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The Forgotten Superfruit

November 10, 2009 Written by JP    [Font too small?]

It’s interesting how certain aspects of the past are glamorized while others are considered “dated”. We can easily find examples in the worlds of architecture, fashion, slang/speech and transportation. The same is true of the history of nutrition. Particular foods and beverages, such as a midday tea or a bowl of stewed prunes, are generally associated with a period that’s time has long passed.

A scientific review from 2001 attempted to re-popularize a food that had become associated almost exclusively with constipation in the elderly. The term “dried plum” was used to replace the antiquated word “prune”. We can debate whether or not a shift in public perception has occurred over the past 8 years. But what’s no longer controversial are the facts laid out in that summary produced in the Department of Human Nutrition and Dietetics at the University of Illinois, Chicago. The authors of that paper discuss the most obvious use of dried plums – a natural laxative. However, they go on to point out that these dehydrated fruits are also abundant sources of antioxidants, nutrients and phytochemicals that may assist in the management of cancer, diabetes, heart disease and osteoporosis. (1)

The issue of dried plums and bone health has received the most attention over the last decade or so. A scientific analysis from April 2009 evaluated the current status of that research. Scientists from Florida State University describe prunes as “the most effective fruit in both preventing and reversing bone loss”. They point out that dried plum extracts have been clinically proven in multiple animal studies and even a preliminary human trial. Here’s some of the evidence that they used to come to this conclusion: (2)

  • 58 postmenopausal women, who were not undergoing hormone replacement therapy, were given a daily dose of either 100 grams of dried plums or 75 grams of dried apples over the course of 3 months. Blood tests were taken prior to the intervention period and directly afterward. The results indicate that those receiving the prunes showed “significantly increased serum levels of insulin-like growth factor-I (IGF-I) and bone-specific alkaline phosphatase (BSAP)”. The authors go on to say that higher levels of IGF-I and BSAP are connected with “greater rates of bone formation”. (3)
  • A variety of animal experiments provide a strong rationale for using dried plums in the management of bone loss. Several explanations have emerged as to how prunes appear to assist the skeletal system: a) by providing an anti-inflammatory effect that decreases the number of cells (osteoclasts) that contribute to the destruction of bone; b) by enhancing the activity and function of cells that build bone (osteoblasts); c) by counteracting bone loss resulting from age-related hormonal changes in male and female (test animals); d) by providing a rich source of the trace mineral boron and Vitamin K, both of which are considered essential in promoting skeletal integrity. (4,5,6,7,8,9,10,11)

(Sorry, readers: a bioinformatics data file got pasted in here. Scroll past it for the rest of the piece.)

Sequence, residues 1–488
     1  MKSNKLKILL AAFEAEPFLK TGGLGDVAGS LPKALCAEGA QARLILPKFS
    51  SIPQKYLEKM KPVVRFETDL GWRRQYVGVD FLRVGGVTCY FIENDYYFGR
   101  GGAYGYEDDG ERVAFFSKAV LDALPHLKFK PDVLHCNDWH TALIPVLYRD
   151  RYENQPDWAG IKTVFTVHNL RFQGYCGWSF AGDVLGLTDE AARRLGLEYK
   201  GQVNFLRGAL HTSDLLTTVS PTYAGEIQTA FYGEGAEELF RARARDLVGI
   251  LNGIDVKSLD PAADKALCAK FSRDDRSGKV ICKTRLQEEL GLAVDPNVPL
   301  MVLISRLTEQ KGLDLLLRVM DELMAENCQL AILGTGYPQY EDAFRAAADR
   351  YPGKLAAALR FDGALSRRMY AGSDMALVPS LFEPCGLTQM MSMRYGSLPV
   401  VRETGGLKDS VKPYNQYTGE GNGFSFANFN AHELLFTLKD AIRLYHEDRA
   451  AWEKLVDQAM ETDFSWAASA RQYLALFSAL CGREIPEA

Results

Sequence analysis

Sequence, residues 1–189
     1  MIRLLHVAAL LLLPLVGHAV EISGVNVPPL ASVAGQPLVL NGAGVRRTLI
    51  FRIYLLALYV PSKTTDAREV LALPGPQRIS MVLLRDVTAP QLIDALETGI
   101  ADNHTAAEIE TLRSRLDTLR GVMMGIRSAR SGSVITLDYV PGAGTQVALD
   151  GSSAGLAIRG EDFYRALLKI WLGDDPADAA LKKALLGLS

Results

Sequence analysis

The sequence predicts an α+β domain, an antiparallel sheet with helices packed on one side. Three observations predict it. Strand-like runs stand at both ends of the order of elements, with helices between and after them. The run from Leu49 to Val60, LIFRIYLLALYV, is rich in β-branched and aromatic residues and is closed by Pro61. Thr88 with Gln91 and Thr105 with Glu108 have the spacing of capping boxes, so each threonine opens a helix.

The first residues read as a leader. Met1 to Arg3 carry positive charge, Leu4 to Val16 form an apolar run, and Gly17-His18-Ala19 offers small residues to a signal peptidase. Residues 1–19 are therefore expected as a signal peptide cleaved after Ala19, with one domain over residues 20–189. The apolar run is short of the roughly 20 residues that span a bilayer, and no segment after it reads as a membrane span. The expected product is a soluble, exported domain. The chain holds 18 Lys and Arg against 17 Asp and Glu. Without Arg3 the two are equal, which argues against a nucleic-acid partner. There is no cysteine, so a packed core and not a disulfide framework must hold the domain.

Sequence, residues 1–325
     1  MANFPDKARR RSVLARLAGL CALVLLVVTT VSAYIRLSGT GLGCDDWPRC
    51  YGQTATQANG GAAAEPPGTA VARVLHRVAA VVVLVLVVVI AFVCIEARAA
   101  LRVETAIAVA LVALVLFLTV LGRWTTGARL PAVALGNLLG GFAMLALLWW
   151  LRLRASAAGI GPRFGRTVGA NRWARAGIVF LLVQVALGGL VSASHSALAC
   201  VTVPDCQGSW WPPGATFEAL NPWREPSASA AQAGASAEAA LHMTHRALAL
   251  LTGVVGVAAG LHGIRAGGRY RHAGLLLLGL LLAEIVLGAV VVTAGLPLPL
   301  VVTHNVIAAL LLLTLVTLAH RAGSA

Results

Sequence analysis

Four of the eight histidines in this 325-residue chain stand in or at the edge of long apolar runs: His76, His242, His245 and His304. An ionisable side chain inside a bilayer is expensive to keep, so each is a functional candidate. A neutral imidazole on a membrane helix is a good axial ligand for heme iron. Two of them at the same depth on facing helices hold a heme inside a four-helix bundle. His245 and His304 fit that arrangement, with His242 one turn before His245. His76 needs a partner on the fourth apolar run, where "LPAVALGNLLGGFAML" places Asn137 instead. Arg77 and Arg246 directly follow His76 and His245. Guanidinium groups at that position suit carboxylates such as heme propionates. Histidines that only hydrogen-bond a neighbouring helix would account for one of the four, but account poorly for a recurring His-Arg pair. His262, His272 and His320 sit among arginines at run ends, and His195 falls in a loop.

Many fruits aren’t appropriate for those with serious blood sugar disorders or individuals who are on carbohydrate restricted diets. One of the more interesting aspects of prunes is that they may have a positive impact on blood sugar levels and serum insulin concentrations. A Japanese study from 2005 found that diabetic rats fed plum juice actually showed improvements in blood sugar and insulin levels. The researchers also noted increased adiponectin concentrations in the fatty tissue of the rats. Adiponectin is a hormone that positively affects blood glucose and lipid levels and may thereby reduce the risk of cardiovascular disease and diabetes. It’s also important to note that the carbohydrates in prunes are largely comprised of a sugar alcohol (sorbitol) which tends to have a milder impact on blood sugar. This unique carbohydrate composition is reflected in the low glycemic index and glycemic load of prunes. For instance, prunes are classified as having a glycemic index or 29 and glycemic load of 10. Another similar dried fruit, raisins, have a glycemic index of 64 and a glycemic load of 28. For those who wish to avoid the carbohydrates altogether, there are select nutritional supplements that provide sugar-free plum extracts. (12,13,14,15)

Apart from helping to manage blood sugar, dried plums may also benefit the cardiovascular system in an even more direct manner. A recent study in the British Journal of Nutrition tested the effects of prunes in a group of mice that were genetically prone to heart disease. The test animals were divided into three sections: a) received a high cholesterol diet; b) the same diet + 4.75% dried plum; c) diet + 9.5% dried plum for 5 months. An additional group was fed a cholesterol-free diet as a further means of comparison (a “negative control”). Blood tests and internal examinations (of arteries) were conducted pre and post trial. Lower levels of inflammation, oxidative stress, triglycerides and fewer “artherosclerotic lesion areas” (arterial plaque) were found in the mice receiving the plum supplemented diets. Previous studies in both animals and humans have demonstrated that diets supplemented with prunes and prune fiber are capable of lowering cholesterol levels. (16,17,18)